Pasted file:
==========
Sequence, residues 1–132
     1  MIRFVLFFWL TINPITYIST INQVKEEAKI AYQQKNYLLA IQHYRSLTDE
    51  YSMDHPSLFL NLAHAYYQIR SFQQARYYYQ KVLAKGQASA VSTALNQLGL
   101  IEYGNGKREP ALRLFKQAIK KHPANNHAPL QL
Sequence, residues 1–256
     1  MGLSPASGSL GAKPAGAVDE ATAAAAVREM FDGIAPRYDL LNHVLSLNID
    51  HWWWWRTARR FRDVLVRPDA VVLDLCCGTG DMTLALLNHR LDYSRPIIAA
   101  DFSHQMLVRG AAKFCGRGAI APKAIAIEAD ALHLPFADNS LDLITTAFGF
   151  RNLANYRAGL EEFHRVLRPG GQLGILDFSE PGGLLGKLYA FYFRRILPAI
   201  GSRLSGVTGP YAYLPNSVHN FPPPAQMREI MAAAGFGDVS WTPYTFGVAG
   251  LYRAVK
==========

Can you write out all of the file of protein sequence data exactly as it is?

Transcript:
Sequence, residues 1–132
     1  MIRFVLFFWL TINPITYIST INQVKEEAKI AYQQKNYLLA IQHYRSLTDE
    51  YSMDHPSLFL NLAHAYYQIR SFQQARYYYQ KVLAKGQASA VSTALNQLGL
   101  IEYGNGKREP ALRLFKQAIK KHPANNHAPL QL
Sequence, residues 1–256
     1  MGLSPASGSL GAKPAGAVDE ATAAAAVREM FDGIAPRYDL LNHVLSLNID
    51  HWWWWRTARR FRDVLVRPDA VVLDLCCGTG DMTLALLNHR LDYSRPIIAA
   101  DFSHQMLVRG AAKFCGRGAI APKAIAIEAD ALHLPFADNS LDLITTAFGF
   151  RNLANYRAGL EEFHRVLRPG GQLGILDFSE PGGLLGKLYA FYFRRILPAI
   201  GSRLSGVTGP YAYLPNSVHN FPPPAQMREI MAAAGFGDVS WTPYTFGVAG
   251  LYRAVK